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  1. #1
    Danah.Easton
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    W2K & User Rights

    My office is beginning the transition from Windows NT4.0 to W2K Professional (w/Office 2000). I am running into a lot of problems with user rights - it seems that some of the programs don't work properly unless the user has admin. or power user privileges. I have tried making the user administrator of their machine when I install the software and then remove their rights once installed - as soon as they log in without those rights the applications no longer work. Keep getting an error saying the computer cannot find the registry settings or that the program is not a recognized program.....HELP!?!?!?!?!?

  2. #2
    Bronze Lounger
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    Re: W2K & User Rights

    During the installation you can set up an identity for your user, and for an administrator (and even for a guest). Since these will be made to require different passwords, you should set up using admin privileges, and then simply don't disclose the admin password. The user will then log on as him or her self, using the password for that identity. It need not include admin privileges, but certain Win2k functions will not be available to them (on purpose). You should always retain the admin settings, because if something goes wrong (and it will) you yourself will need to get into the workstation. Also, as you have found, essential parts are disabled if you try to cancel the admin.
    Identities can be managed from the Control panel applet once the system is up and running.

    Rgds

  3. #3
    Danah.Easton
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    Re: W2K & User Rights

    Typically there are 2 users for the machine - an administrator with full privileges, and a local user with very limited privileges (each with different passwords). I keep an administrator account on the machine and use that when installing software or making system changes. The problem I am running into though - after installing the software as an administrator, when the local user logs in they are not able to access the software (or it doesn't run properly - registry errors, etc.). I have tried giving the local user administrative privileges just when installing the software and everything works fine - they are able to utilize the software. As soon as their administrative privilieges are removed (but leaving the administrator user in tact) I have the same problems again.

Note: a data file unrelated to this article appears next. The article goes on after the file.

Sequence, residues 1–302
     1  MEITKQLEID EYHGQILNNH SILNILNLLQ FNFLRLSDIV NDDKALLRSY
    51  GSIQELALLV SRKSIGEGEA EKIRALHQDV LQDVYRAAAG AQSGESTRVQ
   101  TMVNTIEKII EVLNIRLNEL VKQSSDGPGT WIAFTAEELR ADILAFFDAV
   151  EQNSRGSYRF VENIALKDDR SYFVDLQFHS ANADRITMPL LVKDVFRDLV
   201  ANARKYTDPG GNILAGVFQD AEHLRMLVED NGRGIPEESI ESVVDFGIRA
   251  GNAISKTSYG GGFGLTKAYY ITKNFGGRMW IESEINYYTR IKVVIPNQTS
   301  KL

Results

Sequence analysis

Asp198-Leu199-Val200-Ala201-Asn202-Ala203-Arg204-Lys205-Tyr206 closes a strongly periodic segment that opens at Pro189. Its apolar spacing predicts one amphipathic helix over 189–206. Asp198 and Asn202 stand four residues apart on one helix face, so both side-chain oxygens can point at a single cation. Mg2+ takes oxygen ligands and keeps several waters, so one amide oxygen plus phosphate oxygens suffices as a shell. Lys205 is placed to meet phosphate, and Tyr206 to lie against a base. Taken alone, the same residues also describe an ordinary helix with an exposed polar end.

4. #4
    Super Moderator jscher2000's Avatar
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    Re: W2K & User Rights

    Is this consistent with your problems?

    <A target="_blank" HREF=http://support.microsoft.com/support/kb/articles/Q242/5/91.ASP>PRB: Running Noncertified Applications as a Non-Administrator</A>

    <hr>In general, applications written to the Microsoft Windows 9x and Microsoft Windows NT family paradigm function correctly on Windows 2000 given appropriate access control. Power Users have at least the same access that Windows NT 4.0 Users have. Any application that runs as a User on Microsoft Windows NT 4.0 should run as a "Power Users" on Windows 2000.<hr>
    In other words, it's a feature, not a bug. <img src=/S/tongue.gif border=0 alt=tongue width=15 height=15>

  5. #5
    New Lounger
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    Re: W2K & User Rights

    We had this problem with several applications. I found that some of the necessary registry settings weren't being allowed to be copied from HKEY_LOCAL_MACHINESOFTWARE key to the non-Admin HKEY_CURRENT_USERSOFTWARE key.

    Whilst logged on as the under-priviliged user,
    <UL><LI>Run Regedit.
    <LI>Navigate to (and click on) HKEY_LOCAL_MACHINESOFTWAREMyNewSoftware.
    <LI>Click on the Registry menu, and Export registry.
    <LI>Save file to desktop (with a name like MyNewSoftware.reg).
    <LI>Using your favorite text editor, change the words LOCAL_MACHINE to read CURRENT_USER in the MyNewSoftware.reg file.
    <LI>Save the file.
    <LI>Close your editor.
    <LI>Double-click on the MyNewSoftware.reg file to re-import it back into the registry.
    <LI>Run MyNewSoftware and celebrate![/list]This may have only worked for the applications that we were using, and the advice may not apply to your situation, but it might be worth trying, especially if the information was successfully copied to the Admin HKEY_CURRENT_USERSOFTWAREMyNewSoftware key during software installation. In our case, the keys contained information about the locations of databases and software licenses. Without that info, Admin users could run the software, but lowly Users got a "Could Not Find Database", or "User is not licensed to run software" errors.

    <big><font color=red>As with all registry edits, BE CAREFUL.</font color=red></big>

  6. #6
    New Lounger
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    Re: W2K & User Rights

    This is really a great solution to an all too typical problem. Good solution! <img src=/S/grin.gif border=0 alt=grin width=15 height=15>

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